UK surgeons want stricter regulation of e-cigarettes after spate of explosions injure users

A posed picture of a man smoking an e-cigarette.
A posed picture of a man smoking an e-cigarette. PHOTO: BERITA HARIAN

Doctors and fire chiefs are recommending more stringent regulations for popular e-cigarettes after a spate of incidents involving exploding e-cigarettes, Sky News reported today (Oct 9).

Plastic surgeons at Swansea's Morriston Hospital's Welsh Centre for Burns and Plastic Surgery said they had treated burns of five patients after e-cigarette batteries exploded.

Consultant plastic surgeon Dai Nguyen told Sky News that the popularity of e-cigarettes has led to more incidents of injuries from malfunctioning gadgets: "Before this year we hadn't seen any injuries like this. Now we have had five which reflects the rising popularity of these e-cigarettes."

Three of the five patients had the devices in their trouser pockets when the e-cigarettes exploded.

One patient, Mr Michael Bennett, hospitalised for 10 days in February after his e-cigarette exploded in his pocket while he was roller-skating with his son. He needed skin grafts and has yet to fully recover.

"It was a scary experience. What really gets me is that I could have been picking (my son) up off the floor when it blew up and it would have blown into his face. It could have blinded him," Mr Bennett told Sky News.

He said he purchased the device from a reputable shop.

The increasing number of accidents has caused concern with doctors, who have recommended more stringent import regulations on e-cigarettes as well as more guidance for consumers.

Currently, the advice in the UK is for consumers is to shop only in reputable stores and on well-reviewed websites, and to look out for the 'CE' mark on devices.

In Singapore, however, electronic smoking devices including e-cigarettes are banned under Section 16 of the Tobacco Act. The Tobacco (Control of Advertisements and Sale) Act here prohibits the import, distribution, sale or offer for sale of any item designed to resemble a tobacco product, including vapourisers.

Buying e-cigarettes from overseas websites or bringing them into the country in hand luggage is also considered importing.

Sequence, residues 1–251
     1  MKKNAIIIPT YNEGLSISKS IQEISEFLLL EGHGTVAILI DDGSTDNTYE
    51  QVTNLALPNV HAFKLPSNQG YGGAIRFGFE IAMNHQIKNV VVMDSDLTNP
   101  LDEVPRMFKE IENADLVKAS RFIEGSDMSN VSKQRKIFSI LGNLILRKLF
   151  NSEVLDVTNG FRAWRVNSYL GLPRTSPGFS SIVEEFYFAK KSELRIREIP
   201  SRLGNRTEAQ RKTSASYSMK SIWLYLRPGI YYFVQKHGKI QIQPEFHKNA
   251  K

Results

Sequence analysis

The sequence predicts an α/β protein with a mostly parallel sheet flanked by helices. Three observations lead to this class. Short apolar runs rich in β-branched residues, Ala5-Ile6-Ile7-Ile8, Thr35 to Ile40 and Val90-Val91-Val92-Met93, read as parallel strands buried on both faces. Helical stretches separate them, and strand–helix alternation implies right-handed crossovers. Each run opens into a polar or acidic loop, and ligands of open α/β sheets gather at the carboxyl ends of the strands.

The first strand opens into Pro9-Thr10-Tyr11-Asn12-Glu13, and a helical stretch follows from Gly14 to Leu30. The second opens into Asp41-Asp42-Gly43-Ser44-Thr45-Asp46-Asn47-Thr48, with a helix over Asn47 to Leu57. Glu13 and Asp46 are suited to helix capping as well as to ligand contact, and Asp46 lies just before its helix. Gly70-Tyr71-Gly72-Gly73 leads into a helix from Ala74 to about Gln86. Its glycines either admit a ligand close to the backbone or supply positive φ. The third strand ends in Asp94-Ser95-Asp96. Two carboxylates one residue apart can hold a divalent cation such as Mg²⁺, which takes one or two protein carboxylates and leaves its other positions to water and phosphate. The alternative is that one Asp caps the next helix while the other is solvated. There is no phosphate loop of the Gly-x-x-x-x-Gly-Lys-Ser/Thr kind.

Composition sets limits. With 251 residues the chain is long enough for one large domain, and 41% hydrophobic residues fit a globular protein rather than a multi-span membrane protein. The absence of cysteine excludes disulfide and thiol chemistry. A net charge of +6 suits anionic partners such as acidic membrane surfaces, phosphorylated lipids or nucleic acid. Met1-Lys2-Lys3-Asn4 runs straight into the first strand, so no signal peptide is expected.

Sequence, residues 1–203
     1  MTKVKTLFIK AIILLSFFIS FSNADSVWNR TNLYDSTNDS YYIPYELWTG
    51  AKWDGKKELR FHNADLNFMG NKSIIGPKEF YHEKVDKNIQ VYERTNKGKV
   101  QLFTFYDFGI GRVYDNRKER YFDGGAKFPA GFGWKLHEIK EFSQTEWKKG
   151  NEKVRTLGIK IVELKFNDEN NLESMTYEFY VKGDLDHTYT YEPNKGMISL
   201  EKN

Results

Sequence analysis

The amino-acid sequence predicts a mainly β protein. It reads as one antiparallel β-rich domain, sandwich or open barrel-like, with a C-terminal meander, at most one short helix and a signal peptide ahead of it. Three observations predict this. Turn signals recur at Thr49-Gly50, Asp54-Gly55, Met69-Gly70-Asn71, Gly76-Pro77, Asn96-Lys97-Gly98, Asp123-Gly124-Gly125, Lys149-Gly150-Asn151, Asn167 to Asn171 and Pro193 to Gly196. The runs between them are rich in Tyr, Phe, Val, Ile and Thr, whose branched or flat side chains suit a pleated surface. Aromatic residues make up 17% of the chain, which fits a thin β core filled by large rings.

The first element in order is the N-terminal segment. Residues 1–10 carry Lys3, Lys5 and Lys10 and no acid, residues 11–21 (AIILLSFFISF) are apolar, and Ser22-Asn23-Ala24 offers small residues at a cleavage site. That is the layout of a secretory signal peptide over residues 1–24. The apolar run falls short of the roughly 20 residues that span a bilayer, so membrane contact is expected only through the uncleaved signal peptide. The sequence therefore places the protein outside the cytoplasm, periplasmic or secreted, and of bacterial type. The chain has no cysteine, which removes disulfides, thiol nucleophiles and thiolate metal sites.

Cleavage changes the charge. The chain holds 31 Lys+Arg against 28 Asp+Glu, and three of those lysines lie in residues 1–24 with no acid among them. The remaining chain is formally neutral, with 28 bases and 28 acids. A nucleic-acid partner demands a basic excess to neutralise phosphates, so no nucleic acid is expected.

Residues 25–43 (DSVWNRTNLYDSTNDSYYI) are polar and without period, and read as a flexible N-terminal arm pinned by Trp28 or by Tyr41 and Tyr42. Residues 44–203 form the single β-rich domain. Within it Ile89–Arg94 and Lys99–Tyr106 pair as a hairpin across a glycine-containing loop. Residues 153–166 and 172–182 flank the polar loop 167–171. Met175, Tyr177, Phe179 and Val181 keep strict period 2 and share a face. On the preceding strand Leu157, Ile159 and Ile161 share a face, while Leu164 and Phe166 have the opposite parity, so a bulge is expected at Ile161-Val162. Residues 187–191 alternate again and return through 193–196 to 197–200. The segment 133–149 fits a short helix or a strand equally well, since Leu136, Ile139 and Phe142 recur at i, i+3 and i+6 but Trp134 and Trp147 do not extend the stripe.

Offenders may be fined up to $5,000 for the first offence, and up to $10,000 subsequently.

The phenomenon of exploding e-cigarettes is not limited to the UK.

In Orlando, Florida on Oct 1, a 14-year-old girl suffered mild to moderate burns after an e-cigarette exploded in a nearby college student's pocket. CNN reported the incident happened while she was on the Harry Potter ride at Universal Studios.

The teen was with her family when the device shot a ball of flame in the air after it malfunctioned. According to police and CNN affiliate WESH, the college student fled the scene with three others.

CNN affiliate WESH said that the explosion left a small burn hole on the ride seat but caused no other significant damage.

In February, Mr Tom Kiklas of the Tobacco Vapour Electronic Cigarette Association told CNN that "there have been 22 such incidents reported since 2008, when these products hit the market".

Previous e-cigarette incidents have caused burns to tongues, hands and thighs, and even lungs.

A CNN report in May reported an e-cigarette blowing up during a vaping session. Mr Kenneth Barbero from Albany, New York, was seriously injured. The explosion knocked out his teeth, ripped a hole in his tongue and left his hands covered in burns.

"(It was) like an M80 bomb went off in my mouth," Mr Barbero told CNN affiliate WTEN.

One of the worst reported accidents happened last October. Mr Evan Spahlinger of Naples, Florida, was left in an intensive care unit and underwent surgery after an e-cigarette exploded in his face. The 21-year-old suffered internal and external burns as well as damage to his lungs from the explosion.